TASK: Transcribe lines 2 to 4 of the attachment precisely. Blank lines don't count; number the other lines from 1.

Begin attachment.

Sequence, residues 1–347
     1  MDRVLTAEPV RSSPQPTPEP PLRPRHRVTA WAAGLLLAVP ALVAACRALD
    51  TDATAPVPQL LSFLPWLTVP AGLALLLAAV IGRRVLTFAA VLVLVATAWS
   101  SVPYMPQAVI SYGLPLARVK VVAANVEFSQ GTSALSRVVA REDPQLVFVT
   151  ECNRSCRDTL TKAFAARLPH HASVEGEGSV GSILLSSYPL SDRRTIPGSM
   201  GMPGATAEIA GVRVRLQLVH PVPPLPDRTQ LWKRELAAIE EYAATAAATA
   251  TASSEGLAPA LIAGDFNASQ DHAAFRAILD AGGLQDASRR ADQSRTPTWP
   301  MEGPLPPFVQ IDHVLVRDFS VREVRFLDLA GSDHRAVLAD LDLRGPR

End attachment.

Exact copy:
     1  MDRVLTAEPV RSSPQPTPEP PLRPRHRVTA WAAGLLLAVP ALVAACRALD
    51  TDATAPVPQL LSFLPWLTVP AGLALLLAAV IGRRVLTFAA VLVLVATAWS
   101  SVPYMPQAVI SYGLPLARVK VVAANVEFSQ GTSALSRVVA REDPQLVFVT